We have quite a complex set of measurements for this excellent upper tier home theatre speaker system, with virtually identical PNS (Pink Noise Sweep) at top, indicating almost perfect dispersion of sound in front of and well to the side of each GS 20, with just the expected (less so in fact) rolloff at the very top of the frequency range. Looking at the axial measurements just below, we see virtual symmetry at 0 and 15 degrees off axis, with just the expected rolloff at 30 degrees above 10 kHz.
Bass extension is flat to 70 Hz, with a gentle rolloff, down 5 dB at 50 Hz, and just 7 dB at 30 Hz, very respectable deep bass, and still going at 20 Hz, off about 12 dB. This is a quite compact true full-range loudspeaker, with a very smooth across-the-band response.
The GS-LCR matches well, with bass response holding well to 70 Hz (3d curve group down) and smooth upper bass and midrange above, and showing the same general slope and shelf above through the mids and into the treble. Its 30 degree off-axis measurement does show some lack of energy between 1 and 3 kHz, typical of systems in which the woofer/mids flank the tweeter. That’s of course, when it’s on its side, the driver array not showing this horizontal lobing effect when vertical. But the effect here is minor, a couple of dB, and will be in most cases covered up by radiation in the same range by left and right speakers.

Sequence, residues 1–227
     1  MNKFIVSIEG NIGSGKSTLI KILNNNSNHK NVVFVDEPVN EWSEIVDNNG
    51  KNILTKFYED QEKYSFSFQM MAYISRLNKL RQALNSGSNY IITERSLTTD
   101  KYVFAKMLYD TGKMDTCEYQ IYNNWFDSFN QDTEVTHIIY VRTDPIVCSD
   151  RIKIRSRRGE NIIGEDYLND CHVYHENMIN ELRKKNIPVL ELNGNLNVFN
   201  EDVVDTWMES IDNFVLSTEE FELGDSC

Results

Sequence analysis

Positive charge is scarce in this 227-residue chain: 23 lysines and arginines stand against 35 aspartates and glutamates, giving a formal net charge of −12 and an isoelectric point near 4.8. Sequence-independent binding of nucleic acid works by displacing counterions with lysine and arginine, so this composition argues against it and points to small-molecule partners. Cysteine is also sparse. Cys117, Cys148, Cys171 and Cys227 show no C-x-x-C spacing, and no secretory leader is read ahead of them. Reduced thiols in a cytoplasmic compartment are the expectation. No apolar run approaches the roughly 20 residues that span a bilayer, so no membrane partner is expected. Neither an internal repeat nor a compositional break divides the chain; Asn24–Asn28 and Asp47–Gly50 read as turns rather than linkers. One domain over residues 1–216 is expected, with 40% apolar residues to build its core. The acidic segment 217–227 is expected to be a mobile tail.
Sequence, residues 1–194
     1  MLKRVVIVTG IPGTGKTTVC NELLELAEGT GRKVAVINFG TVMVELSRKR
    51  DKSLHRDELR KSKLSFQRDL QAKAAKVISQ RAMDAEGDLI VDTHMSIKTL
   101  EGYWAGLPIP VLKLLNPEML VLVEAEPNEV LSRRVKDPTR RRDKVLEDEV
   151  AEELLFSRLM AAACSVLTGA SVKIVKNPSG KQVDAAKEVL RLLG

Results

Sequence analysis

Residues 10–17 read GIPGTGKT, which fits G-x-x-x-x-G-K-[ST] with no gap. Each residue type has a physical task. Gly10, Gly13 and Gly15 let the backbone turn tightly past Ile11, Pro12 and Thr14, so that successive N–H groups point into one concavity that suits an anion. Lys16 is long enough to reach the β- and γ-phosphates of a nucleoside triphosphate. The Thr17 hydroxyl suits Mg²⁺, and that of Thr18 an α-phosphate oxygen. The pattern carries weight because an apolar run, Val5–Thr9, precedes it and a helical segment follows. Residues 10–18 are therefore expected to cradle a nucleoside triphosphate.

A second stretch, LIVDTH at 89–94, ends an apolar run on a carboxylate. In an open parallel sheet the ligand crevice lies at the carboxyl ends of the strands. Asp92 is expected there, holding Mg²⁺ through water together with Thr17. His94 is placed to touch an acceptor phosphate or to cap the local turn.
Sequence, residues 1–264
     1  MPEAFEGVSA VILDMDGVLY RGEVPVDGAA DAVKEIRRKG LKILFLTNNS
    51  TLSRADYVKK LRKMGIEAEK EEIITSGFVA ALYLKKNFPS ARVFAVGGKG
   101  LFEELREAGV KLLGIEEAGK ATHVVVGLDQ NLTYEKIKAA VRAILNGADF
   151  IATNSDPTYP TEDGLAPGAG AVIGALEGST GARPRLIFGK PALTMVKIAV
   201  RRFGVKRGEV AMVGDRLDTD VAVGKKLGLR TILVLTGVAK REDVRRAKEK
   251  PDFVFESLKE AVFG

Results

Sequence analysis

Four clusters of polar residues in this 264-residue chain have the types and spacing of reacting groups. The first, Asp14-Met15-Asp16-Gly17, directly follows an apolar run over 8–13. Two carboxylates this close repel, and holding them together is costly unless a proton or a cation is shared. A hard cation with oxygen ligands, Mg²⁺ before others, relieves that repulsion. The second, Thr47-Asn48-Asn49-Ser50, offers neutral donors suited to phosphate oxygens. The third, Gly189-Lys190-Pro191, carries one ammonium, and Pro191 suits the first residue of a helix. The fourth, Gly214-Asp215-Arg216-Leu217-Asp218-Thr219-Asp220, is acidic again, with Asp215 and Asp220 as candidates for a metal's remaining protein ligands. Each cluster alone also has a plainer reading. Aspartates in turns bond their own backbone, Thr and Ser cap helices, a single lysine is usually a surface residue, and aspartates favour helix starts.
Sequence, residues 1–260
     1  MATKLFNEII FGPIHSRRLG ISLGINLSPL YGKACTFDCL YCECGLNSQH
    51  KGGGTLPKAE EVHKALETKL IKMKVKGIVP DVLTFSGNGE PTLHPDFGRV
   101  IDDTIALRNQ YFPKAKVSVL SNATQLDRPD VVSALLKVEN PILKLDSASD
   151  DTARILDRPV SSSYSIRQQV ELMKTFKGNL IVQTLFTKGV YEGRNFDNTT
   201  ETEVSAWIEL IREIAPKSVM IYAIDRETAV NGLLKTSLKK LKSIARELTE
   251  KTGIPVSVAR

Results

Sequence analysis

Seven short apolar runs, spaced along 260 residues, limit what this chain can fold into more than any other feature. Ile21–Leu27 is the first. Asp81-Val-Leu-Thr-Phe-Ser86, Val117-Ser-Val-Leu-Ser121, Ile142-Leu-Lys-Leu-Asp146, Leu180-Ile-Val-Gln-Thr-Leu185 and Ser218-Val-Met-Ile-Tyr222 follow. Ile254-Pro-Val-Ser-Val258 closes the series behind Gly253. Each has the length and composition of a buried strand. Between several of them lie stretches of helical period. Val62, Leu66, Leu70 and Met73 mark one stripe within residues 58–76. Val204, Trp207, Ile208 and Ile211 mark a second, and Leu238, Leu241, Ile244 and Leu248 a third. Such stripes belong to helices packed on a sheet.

And now let’s talk about the RSW-12 subwoofer. First, let me note that the relative levels of the measurements are accurately shown with quite interesting unintended results. I started at our standard 85 dB level with the crossover setting at full rotation in what is called EQ1 mode (this latter selectable on top at rear where the overall level control is also located in the Silver medallion section). We see that first measurement just slightly above the the GS 20 axial curves at left. Frankly, it’s not very promising, offering little in the way of deep bass extension, what a subwoofer should be all about, and the next curve down, at half rotation, is no better, both down 9 or 10 dB relative to 100 Hz. After these two runs with the LMS system (both the result of 4 averaged actual measurements, as with all subs to ensure accuracy), I was starting to wonder about this supposedly “high end” sub.
However, as I continued, things got more interesting. With the crossover at minimum rotation I got a trace that looked very much like the response of the KEF sub without any adjustment, this RSW-12 curve seen below and to the left of the GS-LCR curves, +/-1 dB from 20 to 100 Hz, exemplary, and comparable to the best subs we’ve used and measured. It seems that Monitor Audio has left a little too much adjustment room in this subwoofer, that is, enough to make it sound bad, or at best inadequate. Hey, who could be happy without any deep bass from a high end sub?
High end HT is very much a byword with the Monitor Audio Gold system. This is a very fine and beautiful system in its glossy black, and the sound quality matches very well, the surround imaging exemplary, as expected, and the bass solidity and speed commensurate with this company’s much improved engineering in recent times. It’s about $8000 of HT “Kit” as the Brits say, and worth every farthing.
Related Reviews:AIG Back Issues: Winter 1992
Paradigm Monitor 7 v2 Loudspeaker
AIG Back Issues: Winter/Spring 2007
AIG Back Issues: Fall 2003
ADAM Classic Series Compact Monitor